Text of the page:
The Antiracist Research and Policy Center at American University generates scholarly research, educational tools, and policy analysis geared towards dismantling racism in its many forms. We build multidisciplinary initiatives for fostering racial justice, decolonial politics, and intersectional liberation by forging relationships across AU and with external changemakers in the DC region and beyond.
The interim leadership team will continue to aggregate and amplify the work of AU scholars who study race and empire by partnering with external policy and practitioner stakeholders, advocates, and activists.
Dr. Randolph Persaud examined Walter Rodney’s contribution to subaltern critical political economy, and to the general politics of decolonization. Specific attention was given to the transnational character of Rodney’s work and praxis, and to the central role of violent racism in the emergence and reproduction of global capitalism. The presentation also examined the overdetermined complexity of racism in the configuration of the social, as well as a comparison of Rodney’s work with that of Fanon.
View an archive of past ARPC events:
Under the new leadership of Sara Clarke Kaplan, the ARPC will continue to aggregate and amplify the work of AU scholars who study race and empire by partnering with external policy and practitioner stakeholders, advocates, and activists.
Sara Clarke Kaplan
Interim Managing Director
Christine Platt, JD
Interim Faculty Director
Dr. Malini Ranganathan
Garrett Graddy-Lovelace Associate Professor SIS - School of International Service
Please contact AU Communications, firstname.lastname@example.org, 202-885-5950.
Read a message from Acting Provost, Peter Starr, on AU's commitment to continuing the important work of the Antiracism Center and our national search for a new executive director.
Dear AU Community,
As I assume my position as acting provost in the midst of our turbulent social and political climate, I am writing to reaffirm American University’s commitment to continuing the important work of the Antiracist Research and Policy Center (ARPC). The last few weeks have been a powerful reminder that we cannot—and will not—remain silent witnesses to the routine violence inflicted on Black people in America and in the world. Now more than ever, people are calling for more than statements of solidarity and American University is committed to responding accordingly.
We are grateful for the work that Dr. Ibram X. Kendi began with the founding of ARPC and wish him continued success with the new Center for Antiracist Research at Boston University. I join President Burwell and AU’s entire leadership team in reaffirming our commitment to maintaining ARPC as an inclusive and vibrant intellectual space where diverse constituents can share in research, scholarship, and advocacy. In the days to come, we will be initiating a national search for a new executive director of ARPC. Please send recommendations of candidates for that position to Sara Biggs at email@example.com.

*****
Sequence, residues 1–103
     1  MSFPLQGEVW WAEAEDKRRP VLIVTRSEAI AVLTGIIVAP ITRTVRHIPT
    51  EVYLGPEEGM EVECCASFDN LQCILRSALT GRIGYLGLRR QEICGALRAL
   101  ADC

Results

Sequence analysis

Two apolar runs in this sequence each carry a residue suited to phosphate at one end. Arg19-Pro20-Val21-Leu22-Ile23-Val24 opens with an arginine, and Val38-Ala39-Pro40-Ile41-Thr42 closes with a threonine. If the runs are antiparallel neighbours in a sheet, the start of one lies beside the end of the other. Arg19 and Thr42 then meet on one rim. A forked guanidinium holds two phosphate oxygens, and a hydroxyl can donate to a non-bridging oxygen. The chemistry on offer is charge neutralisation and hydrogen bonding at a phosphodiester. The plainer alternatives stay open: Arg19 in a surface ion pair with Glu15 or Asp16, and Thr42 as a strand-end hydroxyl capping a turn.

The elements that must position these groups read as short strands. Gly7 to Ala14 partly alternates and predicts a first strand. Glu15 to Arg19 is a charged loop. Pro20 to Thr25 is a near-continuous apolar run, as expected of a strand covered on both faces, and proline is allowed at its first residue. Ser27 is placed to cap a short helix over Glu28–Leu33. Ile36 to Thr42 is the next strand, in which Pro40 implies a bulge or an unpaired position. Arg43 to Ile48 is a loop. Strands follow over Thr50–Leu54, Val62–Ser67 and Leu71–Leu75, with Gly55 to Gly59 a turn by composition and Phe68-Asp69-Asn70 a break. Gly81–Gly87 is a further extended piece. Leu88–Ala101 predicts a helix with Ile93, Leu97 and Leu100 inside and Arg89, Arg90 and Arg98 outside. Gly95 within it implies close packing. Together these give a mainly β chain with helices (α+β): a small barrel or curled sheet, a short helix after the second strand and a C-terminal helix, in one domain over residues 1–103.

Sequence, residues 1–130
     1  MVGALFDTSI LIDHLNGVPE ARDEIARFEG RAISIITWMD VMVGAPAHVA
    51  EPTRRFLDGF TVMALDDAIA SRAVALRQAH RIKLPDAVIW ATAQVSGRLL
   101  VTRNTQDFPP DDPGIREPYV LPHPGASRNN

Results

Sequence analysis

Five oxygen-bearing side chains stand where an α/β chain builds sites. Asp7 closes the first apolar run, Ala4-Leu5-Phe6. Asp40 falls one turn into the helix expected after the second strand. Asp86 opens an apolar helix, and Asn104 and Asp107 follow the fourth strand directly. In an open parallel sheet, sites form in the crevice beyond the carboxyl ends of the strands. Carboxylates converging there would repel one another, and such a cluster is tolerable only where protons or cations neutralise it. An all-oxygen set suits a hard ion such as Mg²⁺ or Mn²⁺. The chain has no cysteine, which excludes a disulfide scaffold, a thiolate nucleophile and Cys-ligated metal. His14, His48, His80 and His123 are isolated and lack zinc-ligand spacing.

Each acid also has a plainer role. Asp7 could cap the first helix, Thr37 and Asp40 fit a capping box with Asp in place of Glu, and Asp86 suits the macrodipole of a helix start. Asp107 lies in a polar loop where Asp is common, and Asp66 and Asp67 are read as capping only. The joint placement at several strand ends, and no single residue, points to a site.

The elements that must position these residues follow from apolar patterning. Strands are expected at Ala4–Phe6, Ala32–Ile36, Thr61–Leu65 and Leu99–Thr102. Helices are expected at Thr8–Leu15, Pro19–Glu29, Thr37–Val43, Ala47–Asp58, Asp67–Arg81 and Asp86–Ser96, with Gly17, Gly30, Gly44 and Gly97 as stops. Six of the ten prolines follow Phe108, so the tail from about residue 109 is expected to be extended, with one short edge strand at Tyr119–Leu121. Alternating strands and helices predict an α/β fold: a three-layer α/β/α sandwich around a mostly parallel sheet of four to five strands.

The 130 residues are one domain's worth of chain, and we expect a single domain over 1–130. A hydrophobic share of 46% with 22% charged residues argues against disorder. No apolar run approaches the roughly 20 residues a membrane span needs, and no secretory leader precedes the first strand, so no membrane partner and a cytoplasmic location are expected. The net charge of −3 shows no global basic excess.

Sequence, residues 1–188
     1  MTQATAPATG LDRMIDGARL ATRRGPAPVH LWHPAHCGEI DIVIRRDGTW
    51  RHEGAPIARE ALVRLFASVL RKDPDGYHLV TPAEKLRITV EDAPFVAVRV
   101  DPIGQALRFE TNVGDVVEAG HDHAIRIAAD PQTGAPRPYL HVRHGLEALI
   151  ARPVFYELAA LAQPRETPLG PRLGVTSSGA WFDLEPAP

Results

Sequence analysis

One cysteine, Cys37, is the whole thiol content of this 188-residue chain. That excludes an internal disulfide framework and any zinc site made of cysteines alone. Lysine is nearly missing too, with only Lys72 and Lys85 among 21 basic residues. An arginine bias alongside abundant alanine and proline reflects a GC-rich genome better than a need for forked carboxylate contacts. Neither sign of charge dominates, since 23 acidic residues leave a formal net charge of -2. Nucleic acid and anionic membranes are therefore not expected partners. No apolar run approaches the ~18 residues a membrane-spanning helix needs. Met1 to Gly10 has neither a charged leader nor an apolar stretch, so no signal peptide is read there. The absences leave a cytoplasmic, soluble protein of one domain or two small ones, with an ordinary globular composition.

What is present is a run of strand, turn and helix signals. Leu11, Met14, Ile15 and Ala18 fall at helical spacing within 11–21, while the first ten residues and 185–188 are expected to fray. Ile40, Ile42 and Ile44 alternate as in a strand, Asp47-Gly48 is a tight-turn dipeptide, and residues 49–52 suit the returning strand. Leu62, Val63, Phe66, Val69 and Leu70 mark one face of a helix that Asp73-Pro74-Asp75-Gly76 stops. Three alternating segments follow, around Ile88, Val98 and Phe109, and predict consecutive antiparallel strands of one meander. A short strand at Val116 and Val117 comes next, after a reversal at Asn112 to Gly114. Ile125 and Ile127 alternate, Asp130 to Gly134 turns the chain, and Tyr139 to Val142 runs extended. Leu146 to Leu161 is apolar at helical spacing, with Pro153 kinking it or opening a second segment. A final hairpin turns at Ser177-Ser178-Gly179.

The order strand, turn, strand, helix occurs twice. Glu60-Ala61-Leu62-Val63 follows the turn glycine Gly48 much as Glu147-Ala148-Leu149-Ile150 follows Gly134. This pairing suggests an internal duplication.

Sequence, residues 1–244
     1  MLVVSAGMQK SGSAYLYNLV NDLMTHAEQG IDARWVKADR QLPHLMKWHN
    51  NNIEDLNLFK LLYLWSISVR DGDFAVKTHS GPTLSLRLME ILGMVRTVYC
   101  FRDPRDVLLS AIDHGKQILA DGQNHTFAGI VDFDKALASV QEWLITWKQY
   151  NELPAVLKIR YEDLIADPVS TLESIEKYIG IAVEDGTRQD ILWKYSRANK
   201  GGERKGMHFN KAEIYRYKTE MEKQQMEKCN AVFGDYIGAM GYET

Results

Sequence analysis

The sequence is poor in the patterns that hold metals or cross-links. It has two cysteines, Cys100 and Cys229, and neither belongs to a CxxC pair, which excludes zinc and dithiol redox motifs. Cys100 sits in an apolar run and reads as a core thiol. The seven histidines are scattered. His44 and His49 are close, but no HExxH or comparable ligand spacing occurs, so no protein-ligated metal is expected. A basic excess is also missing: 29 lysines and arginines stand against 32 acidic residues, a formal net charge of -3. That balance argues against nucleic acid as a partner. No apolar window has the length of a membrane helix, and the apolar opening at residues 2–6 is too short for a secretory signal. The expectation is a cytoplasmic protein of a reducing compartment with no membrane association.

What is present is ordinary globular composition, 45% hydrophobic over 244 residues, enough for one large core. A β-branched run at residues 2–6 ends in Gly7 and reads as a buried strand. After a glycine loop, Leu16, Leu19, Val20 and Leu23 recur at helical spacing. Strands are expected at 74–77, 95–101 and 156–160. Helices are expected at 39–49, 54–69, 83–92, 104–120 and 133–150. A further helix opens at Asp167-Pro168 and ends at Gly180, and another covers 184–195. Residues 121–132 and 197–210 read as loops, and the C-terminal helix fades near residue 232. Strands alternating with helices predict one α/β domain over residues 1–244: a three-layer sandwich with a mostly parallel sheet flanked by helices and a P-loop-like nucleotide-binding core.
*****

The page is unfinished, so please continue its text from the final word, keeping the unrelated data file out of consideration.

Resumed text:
In the meantime, I am delighted to announce that Christine Platt, JD, will be returning to serve as ARPC’s interim managing director. An award-winning author and antiracist educator, Ms. Platt formerly served as the center’s managing director and played an integral role in its launch, development, and early achievements. Her scholarship in Black and diasporic history and culture, as well as her ongoing relationships with AU faculty, staff, and students, will be vital to ARPC’s continued success. We are profoundly grateful for Ms. Platt’s commitment to managing ARPC during this period of transition.
I am equally pleased to report that former ARPC environmental team cochair Malini Ranganathan will serve as the center’s interim faculty director for the fall semester. Dr. Ranganathan is an associate professor in the School of International Service and a faculty fellow at the Metropolitan Policy Center in the School of Public Affairs. A geographer and critical race theorist, she studies the history of transnational movements against racism and colonialism, urban racial segregation, and environmental justice, including research on Washington, DC. As one of the key faculty involved in ARPC from its inception, Dr. Ranganathan has committed to assisting the university in continuing the center’s important work.
In furtherance of AU’s commitment to inclusive excellence, the particular purpose of ARPC is to connect AU faculty, students, and staff to the Washington, DC, and wider communities. The interim leadership team will strive to aggregate and amplify the work of AU scholars who study race and empire by partnering with external policy and practitioner stakeholders, advocates, and activists. If we truly want to be leaders in eradicating social and racial injustices, we must boldly confront the legacies of racism, imperialism, homophobia, and sexism, among other intersectional modes of oppression. We must support the work of faculty and students across scholarly fields who identify and seek to address the pernicious effects of racial discrimination—from policing and criminal justice, to public health and environmental justice, to literature and the arts, to education and housing.
In the coming weeks, we will provide more insight into forthcoming ARPC programming and initiatives, including a conversation series and a call to action designed for faculty, staff, and students. For the latest news from ARPC, please follow @AUAntiracismCtr (Twitter) and @auantiracismctr (Instagram).
Hearty thanks to Dr. Ranganathan and Ms. Platt for stepping up at a time when ARPC’s mission is more vital than ever. And special thanks to you for your commitment to helping grow AU’s reputation as a national leader in the area of antiracist research, education, and advocacy.
—Peter Starr, Acting Provost
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